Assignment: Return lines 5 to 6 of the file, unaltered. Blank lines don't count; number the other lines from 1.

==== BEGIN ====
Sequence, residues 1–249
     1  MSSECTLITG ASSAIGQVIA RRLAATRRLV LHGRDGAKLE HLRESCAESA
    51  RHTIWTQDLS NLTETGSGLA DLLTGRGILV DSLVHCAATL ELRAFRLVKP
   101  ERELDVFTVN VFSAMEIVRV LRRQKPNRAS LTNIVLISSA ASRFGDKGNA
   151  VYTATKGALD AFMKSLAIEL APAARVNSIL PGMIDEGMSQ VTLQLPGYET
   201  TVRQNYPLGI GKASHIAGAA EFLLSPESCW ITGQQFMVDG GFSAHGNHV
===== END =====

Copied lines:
   151  VYTATKGALD AFMKSLAIEL APAARVNSIL PGMIDEGMSQ VTLQLPGYET
   201  TVRQNYPLGI GKASHIAGAA EFLLSPESCW ITGQQFMVDG GFSAHGNHV